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Syrian refugees chilled by storm called Alexa

A Syrian refugee blows on his hands to keep warm at Terbol camp. Picture: Andrew McConnell/UNHCR

A Syrian refugee blows on his hands to keep warm at Terbol camp. Picture: Andrew McConnell/UNHCR

  • by STEPHEN KALIN AT TEL SARHAN CAMP, LEBANON
 

Winter has come for 2.2 million refugees living outside Syria and millions more displaced inside the country, as a storm named Alexa sweeps across the region, bringing with it high winds and freezing temperatures.

The snow has caused havoc across the region and grounded the start of a humanitarian airlift that was meant to take supplies from Iraq into the northeastern Kurdish areas of Syria.

In a tented settlement a few miles from the border in Lebanon’s Bekaa Valley, more than 1,000 people live in rudimentary shelters.

Refugee Ibrahim, 27, spoke in his tent where the dirt floor had turned to mud and strong winds blew snow in the entrance. Children gathered in one corner around a fire in a metal crate.

“The storm will finish us. It’s freezing now. I seek refugee in God,” he said.

His family does not have enough money for food or to build a sturdier shelter.

Men filled bags with dirt to hold down tents and placed tyres and bricks atop the wooden structures to prevent the wind from tearing them apart.

In Lebanon, more that 835,000 refugees live in tented camps, unused buildings or with friends or family. The Lebanese government has decided not to house them in formal camps due to local sensitivities that they will stay permanently.

Aid agencies can help them with food, tents, blankets and clothes but they cannot set up formal refugee camps.

Ibrahim, who arrived last week, said the aid is not sufficient for the new arrivals.

“We came here in the winter but it would have been better if we had stayed in Syria. At least if you die, you die in your own house,” he said.

Simon Ingram, a spokesman for the United Nations Children’s Fund, said the agency has been able to mobilise winter supplies for Syrians in the country and its neighbours but “the needs will outstrip what we and our partners are able to provide”.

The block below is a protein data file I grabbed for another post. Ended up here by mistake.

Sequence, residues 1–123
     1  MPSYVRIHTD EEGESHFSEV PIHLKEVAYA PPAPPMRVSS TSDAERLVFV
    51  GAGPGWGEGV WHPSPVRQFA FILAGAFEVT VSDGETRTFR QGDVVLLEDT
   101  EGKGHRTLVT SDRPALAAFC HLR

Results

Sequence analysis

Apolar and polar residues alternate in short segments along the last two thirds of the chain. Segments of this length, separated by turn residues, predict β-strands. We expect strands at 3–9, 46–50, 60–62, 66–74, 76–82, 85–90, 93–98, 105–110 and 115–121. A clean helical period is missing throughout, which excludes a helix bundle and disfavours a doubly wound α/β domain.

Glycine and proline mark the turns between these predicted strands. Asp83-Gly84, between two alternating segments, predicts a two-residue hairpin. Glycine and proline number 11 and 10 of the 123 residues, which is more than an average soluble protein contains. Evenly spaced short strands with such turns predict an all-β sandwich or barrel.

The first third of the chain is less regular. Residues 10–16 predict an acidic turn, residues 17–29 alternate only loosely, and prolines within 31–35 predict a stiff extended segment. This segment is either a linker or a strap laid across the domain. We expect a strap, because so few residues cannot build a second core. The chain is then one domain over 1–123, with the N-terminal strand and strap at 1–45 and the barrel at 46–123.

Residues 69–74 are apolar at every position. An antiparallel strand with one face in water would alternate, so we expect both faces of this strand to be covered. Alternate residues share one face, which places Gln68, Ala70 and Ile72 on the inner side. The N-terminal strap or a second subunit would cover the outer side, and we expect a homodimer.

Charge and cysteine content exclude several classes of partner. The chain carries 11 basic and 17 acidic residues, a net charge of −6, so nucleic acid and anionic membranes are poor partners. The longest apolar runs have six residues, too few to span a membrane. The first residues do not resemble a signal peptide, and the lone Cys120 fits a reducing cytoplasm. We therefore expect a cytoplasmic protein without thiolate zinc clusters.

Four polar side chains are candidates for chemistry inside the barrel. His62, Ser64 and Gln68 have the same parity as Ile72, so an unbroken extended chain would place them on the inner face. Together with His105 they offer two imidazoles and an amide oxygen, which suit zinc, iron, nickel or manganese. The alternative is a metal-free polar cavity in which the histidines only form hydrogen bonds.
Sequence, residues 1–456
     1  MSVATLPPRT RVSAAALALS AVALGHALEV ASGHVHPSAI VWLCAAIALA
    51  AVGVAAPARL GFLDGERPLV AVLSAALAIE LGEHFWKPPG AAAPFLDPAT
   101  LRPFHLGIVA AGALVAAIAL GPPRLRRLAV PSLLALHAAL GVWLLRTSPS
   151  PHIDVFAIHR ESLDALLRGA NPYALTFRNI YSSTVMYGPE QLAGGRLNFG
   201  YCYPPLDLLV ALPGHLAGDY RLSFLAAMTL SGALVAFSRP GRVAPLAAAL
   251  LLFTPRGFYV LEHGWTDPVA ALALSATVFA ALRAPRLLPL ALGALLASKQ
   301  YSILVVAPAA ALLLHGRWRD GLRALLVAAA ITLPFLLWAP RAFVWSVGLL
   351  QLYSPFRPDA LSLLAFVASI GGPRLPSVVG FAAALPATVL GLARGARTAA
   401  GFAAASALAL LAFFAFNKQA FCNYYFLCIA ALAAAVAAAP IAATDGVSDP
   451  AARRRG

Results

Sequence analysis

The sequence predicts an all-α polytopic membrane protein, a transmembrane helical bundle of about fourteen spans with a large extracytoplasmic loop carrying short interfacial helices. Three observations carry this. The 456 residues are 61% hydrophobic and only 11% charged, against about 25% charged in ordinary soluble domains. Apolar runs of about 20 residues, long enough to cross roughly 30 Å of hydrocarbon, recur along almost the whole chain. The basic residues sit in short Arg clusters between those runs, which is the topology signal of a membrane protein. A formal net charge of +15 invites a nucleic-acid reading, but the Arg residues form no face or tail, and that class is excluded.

The start of winter coincides with a polio vaccination campaign that seeks to protect 750,000 children in Lebanon after an outbreak of the disease was confirmed in eastern Syria in October.

“Polio spreads through water and sewage,” Mr Ingram said. “This is one the big dangers – overflowing drains.” Chief of Lebanon’s meteorological department, Mark Whaybeh, said that in past years, snow and rainfall had increased and temperatures decreased over December and into January.

“We are still at the beginning of the season,” he said. “We should have rain and cold periods during the next two months.”

Mr Whaybeh said Alexa will last until tomorrow night and that temperatures could plummet to minus seven degrees Celsius in some mountainous areas.

Minister for social affairs, Wael Abu Faour, said the government was “trying its best” and that the army had been called in to make refugee shelters ready for winter.

He said his main worry was that some refugees are living in a flood area near the Litani river.

Mr Abu Faour said he was trying to rehouse refugees near the river, which flooded during storms in January but that so far there was no place available.

“It’s beyond our capacity,” he said. “We tried mosques, we tried schools, we have tried everything. It will be a disaster.” Snowfall in Syria has not halted the fighting between rebels and forces loyal to president Bashar al-Assad which has killed more than 100,000 people in the past two-and-a-half years.

Footage filmed by opposition activists and posted to the internet this week showed the corpse of a baby they said had frozen to death in the central Syrian town of Rastan.

The weather has also forced the UN to cancel an airlift of food and winter supplies from Iraq to northeast Syria.

 

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